Thyroid neoplasia

Background

  • Usually present with a solitary nodule.
    • Most are benign; some ‘toxic’ adenomas also secrete excess thyroid hormone causing a mild hyperthyroidism.
  • More common in females
  • Can be classified according to the cell type of origin
    • Follicular
      • Papillary (75-85%; more common in young patients 20-40)
        • Seldom encapsulated so can spread, but usually only to lymph nodes (haematogenous and distant metastasis is rare)
      • Follicular (10-20%; more common in older patients 40-60)
        • Usually encapsulated (adenoma- single nodule) so spread is rare
        • If it does spread (carcinoma), it does so commonly to bones (presentation may be with a pathological fracture)
      • Anaplastic (<5%; usually >60)
        • Characteristically poorly differentiated, quite rapidly enlarging and locally invasive (may present with local symptoms e.g. hoarseness, stridor, pain etc)
    • Parafollicular C cells
      • Medullary (5-8%; >40)
        • Tumours of clear (C) cells
        • Often associated with MEN syndrome type 2

Toxic Adenoma

  • <5% of cases of hyperthyroidism; most cases female and >40.
  • Follicular adenoma (usually >3cm) which secretes thyroid hormone; inhibiting TSH secretion and causing atrophy of the rest of the thyroid gland
    • Thyrotoxicosis (and thus symptoms) is usually mild (often only elevated T3
  • Diagnosis with scintigraphy
  • Management is radioactive iodine (highly effective).  Often patients do not require supplementary thyroxine post-treatment as the unaffected normal thyroid gland can respond to normalised TSH levels.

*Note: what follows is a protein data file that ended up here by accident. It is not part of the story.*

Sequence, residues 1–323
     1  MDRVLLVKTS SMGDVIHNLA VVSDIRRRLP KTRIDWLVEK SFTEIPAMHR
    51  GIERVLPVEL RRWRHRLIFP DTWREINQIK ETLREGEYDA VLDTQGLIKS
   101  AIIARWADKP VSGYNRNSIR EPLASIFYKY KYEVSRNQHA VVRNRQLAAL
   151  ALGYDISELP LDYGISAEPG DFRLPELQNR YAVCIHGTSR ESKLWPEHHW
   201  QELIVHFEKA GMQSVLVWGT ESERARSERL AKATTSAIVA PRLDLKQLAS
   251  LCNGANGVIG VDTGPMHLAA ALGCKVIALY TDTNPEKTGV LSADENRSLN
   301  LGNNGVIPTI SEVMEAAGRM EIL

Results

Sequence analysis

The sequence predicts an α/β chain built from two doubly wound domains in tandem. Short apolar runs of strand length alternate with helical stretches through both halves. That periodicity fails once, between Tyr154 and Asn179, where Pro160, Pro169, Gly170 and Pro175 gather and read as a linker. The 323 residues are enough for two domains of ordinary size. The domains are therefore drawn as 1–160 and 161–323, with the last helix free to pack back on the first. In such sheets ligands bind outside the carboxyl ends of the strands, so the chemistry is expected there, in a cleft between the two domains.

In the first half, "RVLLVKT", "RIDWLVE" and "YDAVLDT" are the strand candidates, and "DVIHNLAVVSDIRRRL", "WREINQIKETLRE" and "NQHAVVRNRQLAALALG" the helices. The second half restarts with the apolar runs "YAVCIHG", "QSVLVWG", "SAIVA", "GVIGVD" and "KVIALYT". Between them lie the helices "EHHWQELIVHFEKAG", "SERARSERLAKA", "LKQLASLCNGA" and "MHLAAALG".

Differentiated Thyroid Cancer

Risk Factors

  • Exposure to ionising radiation (esp papillary carcinoma), particularly at a young age
  • Family history of thyroid disease and thyroid cancer
  • Genetic predisposition: MEN2 (RET gene mutation); particularly medullary carcinoma

Presentation

  • Thyroid nodule, often hard and craggy feeling, and can be fixed; usually non-tender but insidious/persistent pain is worrying
  • Lymphadenopathy can also be present (papillary ca)
  • Other features of local compression may be present e.g. dysphagia, stridor, hoarseness
  • Important to ask about general features of cancer e.g. weight loss, sweats etc, although this is rare in thyroid cancers

Investigations

  • TFTs are often normal
  • Scintigraphy usually shows a ‘cold’ nodule (particularly in larger tumours) or can be normal
  • USS and FNA is is the diagnostic investigation

Management

  • Almost always surgery (total thyroidectomy) +/- radioactive ablation
    • + supplementary thyroxine for life

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